Yet when a Syrian rebel dies it’s a non-event. In many ways a Syrian rebel (presuming they are not affiliated with an Islamist extremist group and indeed combat Bashar Al-Assad’s abusive regime) has more in common with an American than any native British soldier, who still to some extent serves a monarch. America’s existence and identity is founded on its resistance to oppression by a despot; a Syrian rebel fights for similar reasons. And yet, they are cast as an “other.” They can die in droves, and if the news week is slow they might get a segment on CNN, but it would be unusual if any individual is eulogized.
The easy answer is that Syrians aren’t “white,” and “we” are, but that’s not strictly true. “Otherness” is cast along far more obscure lines. It’s why perfectly blonde-haired, blue-eyed specimens of the “Aryan Race” can be mowed down in the thousands in the latest WWII first-person shooter, simply because they happen to have a Swastika on their arm.
Someone cast as an “other” is not merely someone who looks different. An “other” is someone we choose not to understand.
This choice is not strictly personal. It’s a calculated result, produced by a political mechanism that tells us who is sympathetic and who is not. The “Yella Colored Fellas marched our Marines to death at Bataan and attacked our boys Pearl Harbor,” they’re “monsters,” they’re “evil.” “Japs,” they were also called, “Nips,” “Nippers.”
To call them Japanese would be to acknowledge the sovereignty of their government and regard them, at least in part, as a parallel nation of people. And “people,” “human beings:” calling them those, that’s out of the question.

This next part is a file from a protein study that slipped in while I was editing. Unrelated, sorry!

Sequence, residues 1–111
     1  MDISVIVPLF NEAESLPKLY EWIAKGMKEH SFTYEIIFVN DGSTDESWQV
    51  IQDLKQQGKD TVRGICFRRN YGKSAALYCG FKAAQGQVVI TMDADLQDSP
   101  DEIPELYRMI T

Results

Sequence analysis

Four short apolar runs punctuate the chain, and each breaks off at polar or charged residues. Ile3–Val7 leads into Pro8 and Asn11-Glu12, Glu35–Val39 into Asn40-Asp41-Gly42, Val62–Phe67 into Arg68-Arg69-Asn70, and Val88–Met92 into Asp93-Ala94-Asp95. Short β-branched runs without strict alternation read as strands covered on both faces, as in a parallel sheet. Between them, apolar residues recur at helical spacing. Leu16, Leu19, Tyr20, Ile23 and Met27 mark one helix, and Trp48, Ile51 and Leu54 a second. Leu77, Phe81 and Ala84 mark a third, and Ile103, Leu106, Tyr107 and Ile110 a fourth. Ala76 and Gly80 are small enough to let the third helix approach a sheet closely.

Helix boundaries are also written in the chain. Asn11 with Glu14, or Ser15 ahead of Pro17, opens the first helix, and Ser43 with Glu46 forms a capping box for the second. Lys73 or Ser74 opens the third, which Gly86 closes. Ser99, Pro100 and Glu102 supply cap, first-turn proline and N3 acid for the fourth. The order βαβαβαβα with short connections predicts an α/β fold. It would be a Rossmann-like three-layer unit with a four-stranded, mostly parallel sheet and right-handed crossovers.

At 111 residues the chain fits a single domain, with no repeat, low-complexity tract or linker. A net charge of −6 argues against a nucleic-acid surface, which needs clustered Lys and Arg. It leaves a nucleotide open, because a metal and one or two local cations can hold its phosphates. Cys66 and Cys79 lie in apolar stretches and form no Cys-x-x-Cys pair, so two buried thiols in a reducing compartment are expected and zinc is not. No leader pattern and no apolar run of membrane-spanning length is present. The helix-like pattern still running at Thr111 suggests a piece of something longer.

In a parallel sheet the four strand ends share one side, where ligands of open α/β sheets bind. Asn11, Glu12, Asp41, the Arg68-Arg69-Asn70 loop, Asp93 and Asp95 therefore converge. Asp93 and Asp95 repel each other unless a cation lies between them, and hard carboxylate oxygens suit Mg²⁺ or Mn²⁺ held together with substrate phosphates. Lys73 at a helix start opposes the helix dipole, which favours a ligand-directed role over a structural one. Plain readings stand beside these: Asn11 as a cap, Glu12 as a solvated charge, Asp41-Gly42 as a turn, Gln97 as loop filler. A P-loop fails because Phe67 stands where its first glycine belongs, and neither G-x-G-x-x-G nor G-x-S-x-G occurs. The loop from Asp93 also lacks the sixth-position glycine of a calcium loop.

You do not rally a country to war by reassuring them they will be killing the elderly, or mothers and children. You rally a country to war by defining a group as “other.”
“Others” are not perceived as human. They often take on nicknames, like “Gook,” or “Hadji,” to reduce them to being less-than-human. If they happen to look different all the better, but they could just as well be a “Commie,” or a “Red.”
Or a “Jew.”
You will find monuments to the way that America has chosen to define otherness all over the world. They are in the death tolls in Japan, in Korea, in Vietnam. There are “others” from Europe to Africa to South America. They are even found at home.
Even the same group of people can go from being “sympathetic” to “others” within a matter of years. The definition is arbitrary.
These “others” have nothing in common, except that a nation has defined them as killable, as people against whom violence is justified and even encouraged. This is not new. It’s been part of every government’s political arsenal since the beginning of civilization.
What’s new is that we believe ourselves to be immune from it. We predicate our choices and our actions, justify our killings, on the idea that our morality is superior; we acknowledge equality, freedom, and democracy, and that is precisely what gives us the authority to say who deserves to be spared, and who is an acceptable loss.
Again, I have to ask, from where does that authority derive? Should any individual, or group of individuals, or government, have that power?
I say no. To murder 140,000 people for any reason is wrong, just as wrong as it is to murder 2 unsuspecting people. If you compromise on that point, if you accept any justification for such deaths, you are committing your allegiance to an authority completely distinct from the value of human life.
If your values do not include human life, it seriously begs the question of what your values are, and who determines them.